The uterus was incised along the attachment of the broad ligament on each side and was then opened, separating the anterior and posterior walls from each other. The endometrium in the cervix and in the lower part of the body was hypertrophic and polypoidal. The endometrium lining the remainder of the uterine cavity appeared to be normal; it showed, in approximately the middle of the posterior wall, a small elevation which was just visible to the naked eye. On examination with a low power binocular microscope the elevation appeared as a slightly raised translucent area which was clearly demarcated from the surrounding endometrium. The elevation was tentatively diagnosed as a young implanting blastocyst or a retention cyst of a uterine gland. After fixation with Bouin-Allen the area became opaque but was still raised above the level of the surrounding endometrium. (Plate II, fig. 5.) A block of the uterine wall containing the swelling was removed and after dehydration, clearing and double embedding was cut at 714. Microscopical examination of the sections showed an early implanted blastocyst. fig. 7.) The chorionic vesicle is not completely implanted in the endometrium as part of the elevation that projects into the uterine lumen is not yet covered by the uterine epithelium. This relatively superficial position of the chorionic vesicle in the present specimen resembles closely that of “ovum ’ ’ No. 7700 of Hertig and Rock.“ The trophoblastic shell varies in thickness; it is thickest over the deep embryonic region of the vesicle and .thinnest in the abembryonic region where the uterine epithelium is absent. The trophoblast is differentiated into a cytotrophoblast and a syncytiotrophoblast. The calculated dimensions of the vesicle are approximately 0.931 x 0.770 x 0.737 mm. In some areas the syncytiotrophoblast has. destroyed the wall of the blood vessels, allowing the blood to escape to a slight extent into the intercommunicating lacunae of the syncytiotrophoblast. The general appearance resembles very closely ‘those described and illustrated by Hertig and Rock.“ The peripheral edge of the syncytiotrophoblast, however, seems to be more sharply demarcated from the endometrium than in their specimens Nos. 7699 and 7700 and resembles more closely the appearance in their specimen No. 7950, fig. 4 (I942). The cytotrophoblast is composed of cuboidal cells which in some situations have proliferated to form irregular masses which project into the syncytio-trophoblast ; these projections are the forerunners of the primary villi.
Fig. 1. Photomicrograph of ovum No. 1 in the living state.
Fig. 2. The same ovum immediately after fixation.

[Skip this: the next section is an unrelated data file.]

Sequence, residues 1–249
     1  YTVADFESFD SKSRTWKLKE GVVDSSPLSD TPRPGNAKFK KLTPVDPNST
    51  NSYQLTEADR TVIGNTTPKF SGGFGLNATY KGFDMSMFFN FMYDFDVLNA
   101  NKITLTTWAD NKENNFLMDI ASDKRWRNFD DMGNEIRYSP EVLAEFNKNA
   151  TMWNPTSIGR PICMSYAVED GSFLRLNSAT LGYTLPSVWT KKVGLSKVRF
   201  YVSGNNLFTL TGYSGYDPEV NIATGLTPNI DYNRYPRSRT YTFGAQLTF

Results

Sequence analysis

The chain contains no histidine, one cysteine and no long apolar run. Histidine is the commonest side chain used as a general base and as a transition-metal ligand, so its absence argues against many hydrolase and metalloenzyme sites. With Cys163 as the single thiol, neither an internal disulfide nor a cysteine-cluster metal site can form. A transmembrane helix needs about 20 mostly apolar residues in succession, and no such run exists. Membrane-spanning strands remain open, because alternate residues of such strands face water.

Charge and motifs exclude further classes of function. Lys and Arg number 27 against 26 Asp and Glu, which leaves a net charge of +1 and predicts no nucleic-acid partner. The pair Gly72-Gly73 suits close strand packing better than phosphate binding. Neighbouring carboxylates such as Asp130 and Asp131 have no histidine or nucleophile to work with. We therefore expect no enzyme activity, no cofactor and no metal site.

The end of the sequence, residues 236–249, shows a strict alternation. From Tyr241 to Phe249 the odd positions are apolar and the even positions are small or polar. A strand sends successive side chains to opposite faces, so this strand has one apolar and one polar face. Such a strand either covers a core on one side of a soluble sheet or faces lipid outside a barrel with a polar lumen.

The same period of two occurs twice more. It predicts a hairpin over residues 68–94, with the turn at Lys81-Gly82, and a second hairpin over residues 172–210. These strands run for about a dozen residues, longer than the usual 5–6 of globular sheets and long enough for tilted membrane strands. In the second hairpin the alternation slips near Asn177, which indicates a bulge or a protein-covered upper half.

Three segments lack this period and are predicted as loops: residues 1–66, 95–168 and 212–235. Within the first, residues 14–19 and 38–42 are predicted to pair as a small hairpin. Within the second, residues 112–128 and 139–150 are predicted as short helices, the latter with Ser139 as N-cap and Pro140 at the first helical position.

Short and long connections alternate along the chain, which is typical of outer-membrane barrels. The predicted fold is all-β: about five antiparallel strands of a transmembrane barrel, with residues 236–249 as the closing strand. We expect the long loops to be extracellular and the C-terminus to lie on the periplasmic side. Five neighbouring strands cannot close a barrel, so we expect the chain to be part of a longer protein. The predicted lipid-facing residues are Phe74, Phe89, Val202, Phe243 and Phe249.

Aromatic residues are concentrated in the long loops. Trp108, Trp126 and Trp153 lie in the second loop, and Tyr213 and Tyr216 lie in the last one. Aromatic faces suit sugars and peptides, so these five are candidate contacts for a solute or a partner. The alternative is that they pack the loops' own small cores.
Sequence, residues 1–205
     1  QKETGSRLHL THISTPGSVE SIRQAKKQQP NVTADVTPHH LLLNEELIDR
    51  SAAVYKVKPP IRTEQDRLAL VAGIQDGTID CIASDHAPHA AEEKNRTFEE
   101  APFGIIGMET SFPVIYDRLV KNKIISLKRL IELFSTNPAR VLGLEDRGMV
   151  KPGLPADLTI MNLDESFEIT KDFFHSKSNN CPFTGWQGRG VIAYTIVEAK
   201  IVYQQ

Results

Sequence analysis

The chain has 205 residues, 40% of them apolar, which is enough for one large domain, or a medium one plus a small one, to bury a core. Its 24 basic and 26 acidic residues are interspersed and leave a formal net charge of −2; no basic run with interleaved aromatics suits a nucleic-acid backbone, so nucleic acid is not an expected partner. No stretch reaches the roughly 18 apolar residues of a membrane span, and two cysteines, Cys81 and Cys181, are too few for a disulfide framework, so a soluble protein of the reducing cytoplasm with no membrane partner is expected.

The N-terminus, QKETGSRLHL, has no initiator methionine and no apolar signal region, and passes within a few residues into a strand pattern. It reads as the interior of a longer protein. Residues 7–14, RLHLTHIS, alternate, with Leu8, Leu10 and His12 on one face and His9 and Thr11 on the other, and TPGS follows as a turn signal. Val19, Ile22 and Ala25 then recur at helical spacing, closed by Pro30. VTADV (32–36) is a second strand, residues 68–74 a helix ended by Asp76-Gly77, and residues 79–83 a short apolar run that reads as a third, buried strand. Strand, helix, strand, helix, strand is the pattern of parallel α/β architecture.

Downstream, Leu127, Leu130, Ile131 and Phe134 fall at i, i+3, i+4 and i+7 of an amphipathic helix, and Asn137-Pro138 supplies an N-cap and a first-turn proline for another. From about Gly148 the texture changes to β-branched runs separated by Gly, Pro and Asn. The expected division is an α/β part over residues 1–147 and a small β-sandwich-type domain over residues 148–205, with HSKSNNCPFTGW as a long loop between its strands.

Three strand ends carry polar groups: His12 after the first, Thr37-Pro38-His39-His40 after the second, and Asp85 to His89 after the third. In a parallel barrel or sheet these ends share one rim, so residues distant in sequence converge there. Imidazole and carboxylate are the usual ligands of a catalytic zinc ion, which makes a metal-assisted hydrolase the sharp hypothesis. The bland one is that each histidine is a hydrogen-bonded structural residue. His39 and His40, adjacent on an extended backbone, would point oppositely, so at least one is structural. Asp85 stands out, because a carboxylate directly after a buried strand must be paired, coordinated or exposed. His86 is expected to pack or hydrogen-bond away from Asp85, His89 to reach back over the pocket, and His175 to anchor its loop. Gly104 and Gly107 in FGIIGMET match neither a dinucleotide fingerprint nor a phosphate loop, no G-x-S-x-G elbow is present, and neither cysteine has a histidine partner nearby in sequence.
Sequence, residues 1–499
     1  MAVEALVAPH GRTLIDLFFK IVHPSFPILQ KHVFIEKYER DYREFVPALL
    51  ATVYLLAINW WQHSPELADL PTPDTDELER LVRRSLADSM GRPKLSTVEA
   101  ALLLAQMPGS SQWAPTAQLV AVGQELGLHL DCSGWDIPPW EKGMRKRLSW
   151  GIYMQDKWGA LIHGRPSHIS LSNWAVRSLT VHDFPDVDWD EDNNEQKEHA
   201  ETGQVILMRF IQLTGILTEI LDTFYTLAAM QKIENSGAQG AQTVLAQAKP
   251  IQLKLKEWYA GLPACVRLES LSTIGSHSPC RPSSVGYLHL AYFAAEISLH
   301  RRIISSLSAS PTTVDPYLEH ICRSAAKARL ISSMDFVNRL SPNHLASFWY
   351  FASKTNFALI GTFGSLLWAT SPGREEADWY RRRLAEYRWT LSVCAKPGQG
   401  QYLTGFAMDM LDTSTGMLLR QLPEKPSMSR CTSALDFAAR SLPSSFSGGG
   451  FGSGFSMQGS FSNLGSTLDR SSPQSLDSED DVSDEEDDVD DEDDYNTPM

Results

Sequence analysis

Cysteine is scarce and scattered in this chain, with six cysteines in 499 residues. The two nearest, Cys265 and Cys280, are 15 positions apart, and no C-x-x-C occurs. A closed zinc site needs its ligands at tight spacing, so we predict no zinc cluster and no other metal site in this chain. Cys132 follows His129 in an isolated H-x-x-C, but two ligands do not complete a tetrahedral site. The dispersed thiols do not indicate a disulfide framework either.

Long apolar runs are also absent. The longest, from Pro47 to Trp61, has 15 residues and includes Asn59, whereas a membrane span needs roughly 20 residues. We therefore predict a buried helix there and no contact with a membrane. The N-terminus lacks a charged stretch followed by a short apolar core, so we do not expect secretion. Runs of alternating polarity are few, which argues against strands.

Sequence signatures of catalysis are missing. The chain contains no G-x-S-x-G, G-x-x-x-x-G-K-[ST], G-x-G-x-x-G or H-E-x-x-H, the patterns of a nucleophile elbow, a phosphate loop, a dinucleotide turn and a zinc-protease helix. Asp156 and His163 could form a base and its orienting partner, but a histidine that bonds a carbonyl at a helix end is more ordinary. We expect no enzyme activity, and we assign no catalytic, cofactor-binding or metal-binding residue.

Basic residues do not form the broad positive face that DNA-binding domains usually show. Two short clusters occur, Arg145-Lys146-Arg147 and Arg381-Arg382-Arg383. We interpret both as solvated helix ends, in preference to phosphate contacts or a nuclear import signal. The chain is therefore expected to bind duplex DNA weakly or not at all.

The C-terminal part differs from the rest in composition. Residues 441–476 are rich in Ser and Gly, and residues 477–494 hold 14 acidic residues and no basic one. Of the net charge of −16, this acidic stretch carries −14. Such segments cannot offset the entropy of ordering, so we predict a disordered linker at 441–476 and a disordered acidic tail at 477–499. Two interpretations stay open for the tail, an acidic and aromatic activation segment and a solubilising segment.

Fig. 3. A section of ovum No. 1 showing the metaphase of The dark areas on the vitellus are corona radiata cells on the the second maturation division. The first polar body (out upper or lower surface of the zona. x .180. of focus in the upper right-hand corner) is seen. The vitellns has shrunk from the zona pellucida and most of the corona radiata cells have been lost. (cf. P]. I, fig. I). x820.
Fig. 4. Photomicrograph of ovum No. 2. A complete sperm is seen x 480. in the zona pellucida: other sperm heads are visiblle. At the upper right-hand corner of the photograph globular detritus is seen. x 480. w..H.
Fig. 5. A surface view of the endometrium of specimen No. 3. The smooth elevation produced by the implanting embryo is seen. The endometritnn shows fissures :md crct'iccs which for the most part are associated with the mouths of the uterine glands. x 15.
Fig. 6. A high power view of the embryonic disc showing the columnar nature of the embryonic ectoderm and the arrange ment of the endoderm. with Heuser’s membrane. The cells of the latter are continuous x 400.
Fig. 7. A general low power View of the implanting embryo and surrounding endometrium. The latter is oedematous and in it there are many dilated bloodvessels. The extent of the sync_vtiotrophoblast and cytotrophohlast in different parts of the vesicle is shown. The extra embryonic rnesoderm has been artificially separated from the cytolrophoblast except at the embryonic pole. The embryonic rudiment has diﬂ'erentiated into a columnar ectodermal layer, which at the edge of the embryonic disc is continuous with the embryonic eetoderm of the amnion. and a mass of endodermal cells which with Heuser's membrane enclose a cavity, the primitive yolk sac. x no.
The endometrial tissue shows marked oedema, but there is no evidence of a decidual reaction. The glands of the endometrium are dilated and tortuous. Their epithelium seems to be resistant, at this stage, to the action of the syncytiotrophoblast and the glands appear to be pressed aside by the expanding vesicle (cf. Streeter, 1926).
The embryonic disc is convex towards the ‘amniotic cavity and is composed of tall columnar epithelial cells which are continuous at the periphery of the disc with the amniotic ectoderm. (Plate II, fig. 6.) This for the most part consists of a layer of ﬂattened cells but in one situation these cells are cuboidal. The endoderm is composed of from one to several layers of large cuboidal cells with vacuoles in their cytoplasm. In the younger embryo No. 7699 described by Hertig and Rock the endodermal cells are heaped up to- form a mass as many as three layers thick but in their other specimens the endoderm forms a single layer. An endodermal yolk sac has not yet been formed but a cavity lined with endodermal cells and ﬂattened mesodermal cells (Heuser’s, or exocoelomic, membrane) encloses a cavity (fig. 7) which has been designated by Hertig and Rock“ in their specimens as the exocoelomic space. In this cavity there is a precipitated coagulum. The outer aspect of the cells of Heuser’s membrane is continuous with a mesenchymal reticulum. which fills the trophoblastic vesicle except where it has become artificially separated from the cytotrophoblast.